Use this URL to cite or link to this record in EThOS: http://ethos.bl.uk/OrderDetails.do?uin=uk.bl.ethos.565804
Title: Connecting the tips : a study on sprout fusion in angiogenesis
Author: Mariggi, G.
Awarding Body: University College London (University of London)
Current Institution: University College London (University of London)
Date of Award: 2012
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Abstract:
Angiogenesis is characterized by the sprouting of new vessels from pre-existing ones, with sprouts headed by a specialized endothelial cell (EC) known as the tip cell. The trailing ECs are referred to as stalk cells and help form the vessel proper and lumenize. Newly formed sprouts must come into contact with adjacent tip cells via filopodia to fuse and lumenize to form an additional functional vessel loop able to support blood flow. Here I describe the process of anastomosis in detailed spatial and temporal resolution. Interestingly tip cells do no necessarily form a new connection at their first contact but tend to have a “negotiation” phase whilst tip cells are in contact. This time delay is between 1 hour and 2.5 hours suggesting a possible genetic regulation of anastomosis. Interestingly cessation of filopodia activity is observed upon lumenization of the sprouts and not on the establishment of cell junctions. A gene important in fusion cells in Drosophila tracheal morphogenesis (the equivalent of EC tip cells) was investigated for its role in angiogenesis and anastomosis. Knockdown of heca, the homologue of the drosophila headcase gene, leads to precocious and ectopic connections between the Dorsal Lateral Anastomotic Vessels (DLAVs) over the neural tube in zebrafish embryos. Heca’s function does not appear dependent on the TGF/BMP pathway as in the trachea. Gain of function experiments at the whole organism and cell-autonomous level show that Heca overexpression leads to complete lumenization of some of the migrating intersegmental vessels by 26hpf. This suggests that heca’s possible involvement in instructing ECs to form a lumen or to sense the level of oxygenation/requirement to decrease activity may explain the opposing phenotypes observed. Taken together with observations about lumen formation with initiation of flow and the termination of filopodia activity, the data here presented could mean that lumenization is involved dampening EC activation.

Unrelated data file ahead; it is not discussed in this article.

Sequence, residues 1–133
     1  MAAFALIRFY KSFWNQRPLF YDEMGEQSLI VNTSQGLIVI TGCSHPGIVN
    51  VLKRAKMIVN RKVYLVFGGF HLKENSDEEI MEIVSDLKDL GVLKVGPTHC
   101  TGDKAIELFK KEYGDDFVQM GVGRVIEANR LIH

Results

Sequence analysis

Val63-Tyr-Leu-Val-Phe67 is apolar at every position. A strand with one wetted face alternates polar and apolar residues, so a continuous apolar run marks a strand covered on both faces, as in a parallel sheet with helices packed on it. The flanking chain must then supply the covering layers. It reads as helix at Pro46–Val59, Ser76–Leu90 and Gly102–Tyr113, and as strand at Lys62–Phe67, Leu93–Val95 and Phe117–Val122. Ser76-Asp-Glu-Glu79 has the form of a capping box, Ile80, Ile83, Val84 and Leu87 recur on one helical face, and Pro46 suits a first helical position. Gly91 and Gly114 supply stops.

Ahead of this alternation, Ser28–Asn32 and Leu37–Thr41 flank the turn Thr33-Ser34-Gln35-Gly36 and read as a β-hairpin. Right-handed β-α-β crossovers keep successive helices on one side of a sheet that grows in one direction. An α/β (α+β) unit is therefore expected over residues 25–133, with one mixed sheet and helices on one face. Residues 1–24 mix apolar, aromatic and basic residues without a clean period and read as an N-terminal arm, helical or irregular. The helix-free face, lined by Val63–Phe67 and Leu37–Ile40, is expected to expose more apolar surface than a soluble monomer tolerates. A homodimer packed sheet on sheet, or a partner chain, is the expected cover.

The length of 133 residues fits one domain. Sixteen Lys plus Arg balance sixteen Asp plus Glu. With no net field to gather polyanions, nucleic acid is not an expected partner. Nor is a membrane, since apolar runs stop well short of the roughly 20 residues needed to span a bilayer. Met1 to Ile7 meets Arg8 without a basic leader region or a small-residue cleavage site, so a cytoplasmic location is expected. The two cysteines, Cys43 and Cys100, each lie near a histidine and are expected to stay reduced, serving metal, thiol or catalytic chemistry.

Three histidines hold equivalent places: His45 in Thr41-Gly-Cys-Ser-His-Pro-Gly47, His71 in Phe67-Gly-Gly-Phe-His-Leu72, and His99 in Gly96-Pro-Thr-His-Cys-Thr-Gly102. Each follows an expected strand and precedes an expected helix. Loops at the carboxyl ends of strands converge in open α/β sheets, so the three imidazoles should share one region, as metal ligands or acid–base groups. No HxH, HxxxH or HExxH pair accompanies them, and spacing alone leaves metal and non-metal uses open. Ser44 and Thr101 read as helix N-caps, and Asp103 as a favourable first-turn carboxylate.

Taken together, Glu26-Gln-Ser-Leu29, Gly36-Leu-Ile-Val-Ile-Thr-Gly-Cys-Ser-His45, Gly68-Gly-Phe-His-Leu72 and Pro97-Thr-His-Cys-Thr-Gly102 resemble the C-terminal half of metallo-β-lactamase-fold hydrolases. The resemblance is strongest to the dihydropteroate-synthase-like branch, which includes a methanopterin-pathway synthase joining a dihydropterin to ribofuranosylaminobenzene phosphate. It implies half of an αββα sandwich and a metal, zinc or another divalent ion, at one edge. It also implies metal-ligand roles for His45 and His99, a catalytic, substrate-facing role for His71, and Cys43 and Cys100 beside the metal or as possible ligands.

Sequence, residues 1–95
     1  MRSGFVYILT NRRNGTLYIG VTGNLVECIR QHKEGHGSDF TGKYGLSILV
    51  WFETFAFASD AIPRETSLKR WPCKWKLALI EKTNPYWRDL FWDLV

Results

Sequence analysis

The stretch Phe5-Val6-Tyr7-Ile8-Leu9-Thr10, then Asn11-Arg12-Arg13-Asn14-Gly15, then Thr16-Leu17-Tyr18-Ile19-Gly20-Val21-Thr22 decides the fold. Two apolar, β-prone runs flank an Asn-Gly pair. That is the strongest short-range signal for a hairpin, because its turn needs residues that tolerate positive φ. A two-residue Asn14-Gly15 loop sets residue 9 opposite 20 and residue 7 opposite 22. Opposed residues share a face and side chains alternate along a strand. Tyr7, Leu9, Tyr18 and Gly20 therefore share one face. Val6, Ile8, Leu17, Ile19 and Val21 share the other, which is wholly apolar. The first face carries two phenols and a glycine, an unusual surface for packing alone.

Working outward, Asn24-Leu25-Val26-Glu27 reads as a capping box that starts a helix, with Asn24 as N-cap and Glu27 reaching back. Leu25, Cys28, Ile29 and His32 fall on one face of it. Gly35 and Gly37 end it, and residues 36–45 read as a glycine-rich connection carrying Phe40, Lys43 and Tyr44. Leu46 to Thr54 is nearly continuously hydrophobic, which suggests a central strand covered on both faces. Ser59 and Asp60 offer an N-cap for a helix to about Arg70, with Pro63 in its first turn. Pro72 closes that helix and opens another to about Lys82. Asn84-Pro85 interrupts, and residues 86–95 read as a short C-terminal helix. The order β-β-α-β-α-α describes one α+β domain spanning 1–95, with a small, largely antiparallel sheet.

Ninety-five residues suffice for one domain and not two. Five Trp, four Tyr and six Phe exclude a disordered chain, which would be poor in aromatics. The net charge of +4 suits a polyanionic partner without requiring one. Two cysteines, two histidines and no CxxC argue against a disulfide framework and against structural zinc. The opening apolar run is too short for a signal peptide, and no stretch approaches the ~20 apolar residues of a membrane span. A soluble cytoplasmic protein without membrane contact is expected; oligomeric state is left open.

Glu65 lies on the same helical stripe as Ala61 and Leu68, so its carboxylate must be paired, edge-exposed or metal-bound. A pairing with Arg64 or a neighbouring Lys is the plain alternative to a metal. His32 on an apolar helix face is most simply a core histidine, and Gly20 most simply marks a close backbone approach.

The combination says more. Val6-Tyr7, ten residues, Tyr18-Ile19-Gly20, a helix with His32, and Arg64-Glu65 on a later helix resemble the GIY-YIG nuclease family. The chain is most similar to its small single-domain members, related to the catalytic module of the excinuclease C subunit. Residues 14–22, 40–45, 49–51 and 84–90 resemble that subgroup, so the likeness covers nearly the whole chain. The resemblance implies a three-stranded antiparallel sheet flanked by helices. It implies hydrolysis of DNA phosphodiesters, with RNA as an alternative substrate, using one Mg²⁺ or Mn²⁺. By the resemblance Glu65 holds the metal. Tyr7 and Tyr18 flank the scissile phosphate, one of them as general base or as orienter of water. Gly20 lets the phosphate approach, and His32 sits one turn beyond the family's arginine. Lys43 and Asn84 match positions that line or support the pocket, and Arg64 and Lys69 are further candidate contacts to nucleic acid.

Supervisor: Not available Sponsor: Not available
Qualification Name: Thesis (Ph.D.) Qualification Level: Doctoral
EThOS ID: uk.bl.ethos.565804  DOI: Not available
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